‘Buy American’ Rules Stir Debate

Written by Tim Triplett

Are “Buy American” policies good for the U.S. economy and the U.S. steel industry?

President Trump issued an executive order in April instructing all federal agencies to conduct comprehensive assessments aimed at cracking down on weak enforcement of Buy American policies, and targeting the abusive use of waivers and exceptions that undermine Buy American laws. Fulfilling a campaign promise on infrastructure investment, he asserted, “We will have two simple rules when it comes to this massive rebuilding effort, buy American and hire American.” His executive order drew a number of responses from business and industry in a comment period that ended this week.

Speaking for domestic steel producers, the American Iron and Steel Institute said it strongly supports the application of existing Buy America requirements for iron and steel products used in transportation and water infrastructure projects funded by federal taxpayer dollars.

As AISI pointed out, these rules employ a strict “melted and poured” standard for the steel used in these projects, and may be waived only in limited circumstances, such as when they are contrary to the public interest, when the products are not sufficiently and reasonably available, or when the use of U.S.-produced steel would increase the overall cost of the project by 25 percent. All steel manufacturing processes must occur in the United States for a product to be Buy America compliant, from the actual steel production to the finishing processes.

“Strong Buy America laws are vital to the health of the U.S. steel industry, which is a backbone industry to all domestic manufacturing, as well as to the U.S. economy overall,” AISI stated, noting that the U.S. steel industry directly employs 140,000 people across 42 states, and directly or indirectly supports approximately one million U.S. jobs. 

Buy America requirements are not affected by trade agreements such as those implemented through the WTO, NAFTA or KORUS. “However, our trading partners regularly propose to add new obligations in future trade agreements that would impact these Buy America programs for iron and steel products,” AISI added. “We strongly urge the Department of Commerce and the Office of the U.S. Trade Representative to oppose all such proposals in ongoing and future trade negotiations.”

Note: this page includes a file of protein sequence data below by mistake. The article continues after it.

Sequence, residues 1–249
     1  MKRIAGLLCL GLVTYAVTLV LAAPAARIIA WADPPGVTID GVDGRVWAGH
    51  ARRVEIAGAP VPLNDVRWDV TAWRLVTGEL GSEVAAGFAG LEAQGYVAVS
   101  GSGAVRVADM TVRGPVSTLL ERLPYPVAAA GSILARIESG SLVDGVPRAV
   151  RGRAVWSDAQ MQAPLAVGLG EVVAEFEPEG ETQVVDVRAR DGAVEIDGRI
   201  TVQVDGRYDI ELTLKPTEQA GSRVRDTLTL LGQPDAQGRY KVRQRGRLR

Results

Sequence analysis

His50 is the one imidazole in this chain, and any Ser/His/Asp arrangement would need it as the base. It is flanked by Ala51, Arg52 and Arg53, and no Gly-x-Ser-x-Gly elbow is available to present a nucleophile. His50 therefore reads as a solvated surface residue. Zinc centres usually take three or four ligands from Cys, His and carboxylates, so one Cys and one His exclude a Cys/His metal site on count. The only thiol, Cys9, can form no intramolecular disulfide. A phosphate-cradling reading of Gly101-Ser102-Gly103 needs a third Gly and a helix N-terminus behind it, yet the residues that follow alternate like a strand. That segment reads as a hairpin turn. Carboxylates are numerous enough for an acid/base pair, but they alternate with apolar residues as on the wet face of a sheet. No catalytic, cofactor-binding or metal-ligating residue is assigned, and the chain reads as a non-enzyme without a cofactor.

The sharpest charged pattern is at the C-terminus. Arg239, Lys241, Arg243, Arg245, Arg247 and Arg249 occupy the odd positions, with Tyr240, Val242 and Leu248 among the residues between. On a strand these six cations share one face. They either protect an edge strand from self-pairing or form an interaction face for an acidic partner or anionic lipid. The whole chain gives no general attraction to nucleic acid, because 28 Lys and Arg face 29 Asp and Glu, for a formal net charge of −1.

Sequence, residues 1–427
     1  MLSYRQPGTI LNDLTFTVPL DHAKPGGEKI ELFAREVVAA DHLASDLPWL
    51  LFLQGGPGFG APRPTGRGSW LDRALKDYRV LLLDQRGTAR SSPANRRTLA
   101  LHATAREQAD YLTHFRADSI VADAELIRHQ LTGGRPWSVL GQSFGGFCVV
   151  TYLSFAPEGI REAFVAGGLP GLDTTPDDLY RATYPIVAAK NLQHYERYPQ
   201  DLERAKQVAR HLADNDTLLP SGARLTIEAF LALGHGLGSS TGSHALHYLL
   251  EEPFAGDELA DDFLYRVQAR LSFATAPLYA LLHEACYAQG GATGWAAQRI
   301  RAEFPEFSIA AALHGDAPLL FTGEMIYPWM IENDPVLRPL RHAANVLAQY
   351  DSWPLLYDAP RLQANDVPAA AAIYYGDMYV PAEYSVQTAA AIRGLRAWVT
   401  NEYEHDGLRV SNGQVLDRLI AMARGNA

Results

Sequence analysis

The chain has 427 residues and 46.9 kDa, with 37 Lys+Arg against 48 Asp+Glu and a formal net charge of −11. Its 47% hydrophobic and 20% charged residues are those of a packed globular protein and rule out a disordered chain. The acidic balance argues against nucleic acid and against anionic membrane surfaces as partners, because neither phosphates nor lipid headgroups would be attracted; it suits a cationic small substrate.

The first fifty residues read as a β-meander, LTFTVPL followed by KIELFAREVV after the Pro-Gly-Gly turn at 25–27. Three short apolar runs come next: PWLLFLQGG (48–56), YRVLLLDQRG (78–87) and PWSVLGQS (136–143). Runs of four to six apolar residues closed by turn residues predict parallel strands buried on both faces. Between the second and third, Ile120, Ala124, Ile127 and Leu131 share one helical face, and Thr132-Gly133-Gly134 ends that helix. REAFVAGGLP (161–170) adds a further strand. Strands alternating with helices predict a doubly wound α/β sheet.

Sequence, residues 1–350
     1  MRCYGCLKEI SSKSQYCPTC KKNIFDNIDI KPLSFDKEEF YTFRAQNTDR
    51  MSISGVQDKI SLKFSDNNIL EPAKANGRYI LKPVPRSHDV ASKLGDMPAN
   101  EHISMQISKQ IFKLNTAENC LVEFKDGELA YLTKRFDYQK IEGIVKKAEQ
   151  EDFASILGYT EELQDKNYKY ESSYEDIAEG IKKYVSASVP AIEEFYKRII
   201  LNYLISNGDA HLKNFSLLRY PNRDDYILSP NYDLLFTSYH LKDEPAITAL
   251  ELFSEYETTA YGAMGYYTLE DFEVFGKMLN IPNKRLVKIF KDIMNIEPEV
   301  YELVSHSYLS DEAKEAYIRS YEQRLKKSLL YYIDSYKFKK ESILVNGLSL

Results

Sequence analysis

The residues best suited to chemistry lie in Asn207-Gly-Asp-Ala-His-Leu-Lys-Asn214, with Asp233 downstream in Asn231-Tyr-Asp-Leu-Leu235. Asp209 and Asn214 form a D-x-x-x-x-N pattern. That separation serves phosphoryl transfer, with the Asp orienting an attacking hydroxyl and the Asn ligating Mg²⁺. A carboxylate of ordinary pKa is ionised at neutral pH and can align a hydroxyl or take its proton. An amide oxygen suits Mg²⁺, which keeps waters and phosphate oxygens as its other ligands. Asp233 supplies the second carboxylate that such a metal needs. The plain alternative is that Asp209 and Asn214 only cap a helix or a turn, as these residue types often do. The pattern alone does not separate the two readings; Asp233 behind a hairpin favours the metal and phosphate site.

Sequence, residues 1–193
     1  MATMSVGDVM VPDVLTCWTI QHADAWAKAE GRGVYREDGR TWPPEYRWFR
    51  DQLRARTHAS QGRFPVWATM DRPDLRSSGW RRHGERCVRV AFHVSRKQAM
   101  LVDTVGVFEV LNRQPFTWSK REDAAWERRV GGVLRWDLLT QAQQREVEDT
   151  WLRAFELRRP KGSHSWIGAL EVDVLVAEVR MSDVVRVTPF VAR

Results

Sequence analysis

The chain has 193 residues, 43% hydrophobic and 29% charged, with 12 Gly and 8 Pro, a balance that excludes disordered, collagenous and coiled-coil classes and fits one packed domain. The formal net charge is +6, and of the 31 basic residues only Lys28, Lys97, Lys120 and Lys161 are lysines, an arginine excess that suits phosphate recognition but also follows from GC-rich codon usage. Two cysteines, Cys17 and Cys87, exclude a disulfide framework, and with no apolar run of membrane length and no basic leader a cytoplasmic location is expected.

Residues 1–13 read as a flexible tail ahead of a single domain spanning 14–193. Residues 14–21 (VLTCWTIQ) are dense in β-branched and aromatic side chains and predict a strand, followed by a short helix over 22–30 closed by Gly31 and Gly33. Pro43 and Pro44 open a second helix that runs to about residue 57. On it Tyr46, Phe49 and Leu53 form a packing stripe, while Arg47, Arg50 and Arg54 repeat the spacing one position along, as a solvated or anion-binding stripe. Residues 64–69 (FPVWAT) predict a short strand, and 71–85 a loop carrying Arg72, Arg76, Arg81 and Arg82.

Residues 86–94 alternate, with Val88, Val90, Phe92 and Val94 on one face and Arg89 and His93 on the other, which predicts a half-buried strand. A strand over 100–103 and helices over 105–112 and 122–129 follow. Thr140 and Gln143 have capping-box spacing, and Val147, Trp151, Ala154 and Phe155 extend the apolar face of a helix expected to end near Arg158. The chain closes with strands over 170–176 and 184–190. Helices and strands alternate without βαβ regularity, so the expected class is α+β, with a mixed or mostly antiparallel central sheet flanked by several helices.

The Steel Manufacturers Association, which represents EAF steel producers, also supports the administration’s Buy America policies and the “melted and poured” standard. Both SMA and AISI have members who sometimes produce finished steel products from slabs that were not melted and poured in the U.S. Presumably, such steel would be diverted from government contracts.

Steel companies that produce coils from slabs and don’t have the ability to melt and pour on U.S. soil are naturally opposed to the Buy America rules. As they point out, their steel production facilities account for a significant percentage of U.S. steel output and U.S. steel jobs. They see little difference between importing slabs or importing foreign scrap that is then remelted and poured.

Some economists also cast doubt on the effectiveness of Buy American laws, arguing that they add burdensome regulations, force American taxpayers to pay more for government projects, and ultimately do not lead to the promised job creation.

A final report on strengthening Buy American laws is due to President Trump by Nov. 24.

Written by Tim Triplett,

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